My cousin works taking care of disabled children in a group home, and was asking us for ideas about what to get to put in the plastic Easter eggs for the Easter egg hunt. But it couldn’t be candy or stickers. What, we said? So we started to think.
Yeah, not going to happen, but we had fun thinking about them.
But, the real question is, what would be a sign of new life to put in the eggs?
I recently got a voice mail message that expressed condolences and commiseration over my recent few months of challenges, and the caller thought she had heard that my dog had also died. That gave me a bit of a laugh, and a note back to the caller.
To be clear, I don’t own a dog, and therefore my dog hasn’t died. Now, this evening I did have about 15 minutes of panic when Brandy (the cat who disappeared for 25 days) didn’t come when called, and I feared that she’d gone off the balcony again. That quickly dissipated when I clinked her food bowl and she showed up for her evening snack. And she got a hug, let me tell you!
No, I’m not Job (he of the travails in the Old Testament) by any stretch of the imagination. I have had a bad stretch of events strung together, but I mostly have my health, I have plenty of resources to see me through this time, and family and friends to support me. My heart has been rended in a couple of ways, but I do trust in God that it will heal with reflection and time.
Now, onto the fiber-related important things. I am casting on multiple items – I feel a real need to knit a bunch of things now.
The Dark and Stormy sweater is coming along – I’ve fiddled a bit with stitch counts, added some short rows, and loving it. I’m just hoping that my approach to the sleeve caps and sleeve widths works out. I won’t really know until the end of the knitting.
And then I cast-on for a sweater for Afghans for Afghans – I’m so excited that there will be another sweater campaign. This is out of Ecological Wool from Cascade. I’m using a template size from Sweaters 101, and added in a cable detail along the front of the cardigan.
The heathery color is nice, but I think I will dye the sweater once it is knitted, since this is headed to a school, and I think a little girl will be more enamored with a lovely blue, purple, or green.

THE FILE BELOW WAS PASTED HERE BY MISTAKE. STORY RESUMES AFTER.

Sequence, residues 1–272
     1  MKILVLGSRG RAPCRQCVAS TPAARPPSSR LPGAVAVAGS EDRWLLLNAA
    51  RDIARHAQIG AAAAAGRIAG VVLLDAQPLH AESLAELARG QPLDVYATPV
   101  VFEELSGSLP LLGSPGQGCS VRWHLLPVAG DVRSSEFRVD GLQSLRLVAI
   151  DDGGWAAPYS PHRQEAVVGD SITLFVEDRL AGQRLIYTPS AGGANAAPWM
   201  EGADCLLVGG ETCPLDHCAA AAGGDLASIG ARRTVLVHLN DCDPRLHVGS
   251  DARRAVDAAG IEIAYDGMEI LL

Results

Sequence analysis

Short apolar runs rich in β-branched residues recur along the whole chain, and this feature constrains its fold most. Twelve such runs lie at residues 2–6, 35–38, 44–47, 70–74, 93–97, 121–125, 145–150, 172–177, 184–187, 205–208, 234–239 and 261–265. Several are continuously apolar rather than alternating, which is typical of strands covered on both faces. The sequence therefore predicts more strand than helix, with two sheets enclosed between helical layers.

Then there’s the lovely and amazing Blue Heron Rayon Metallic – I’ve lusted after knitting this yarn for a long time, and now is the time to knit something for a friend who has lost her dad after a long illness. Which leads me to share a realization – I checked my Ravelry library a few days ago, and because I”ve input the books and magazines that I own, Ravelry tells me how many patterns I have – and it is over 2,000. 2,000! which is far more than I will ever knit in a lifetime, and I’m a pretty fast knitter. That was a gut check on my own acquisition habits!
So, in looking at the Blue Heron, I knew that I needed to find something in the library — that I need to be celebrating and enjoying what I have. And I have picked Sherilyn, a lace shawl pattern by Ysolda Teague. I think the simplicity of the main body will highlight the yarn well, and the edge will give me something to be interested in doing at the end. I’m knitting this in the lovely plum colorway, which will be perfect for the recipient’s skin tone.
Then there’s a little hat that I want to knit up in lovely Madeline Tosh with a honeycomb stitch that will be my own design:
And in the meantime, I haven’t finished my own cowl design – it could be a submission if I get my act together…grrr.
And on a mom note: There are two memorial services planned:
- Saturday, March 23rd, 1:30 p.m.Christ Presbyterian Church in Terra Linda, 620 Del Ganado Rd, San Rafael, CA 94903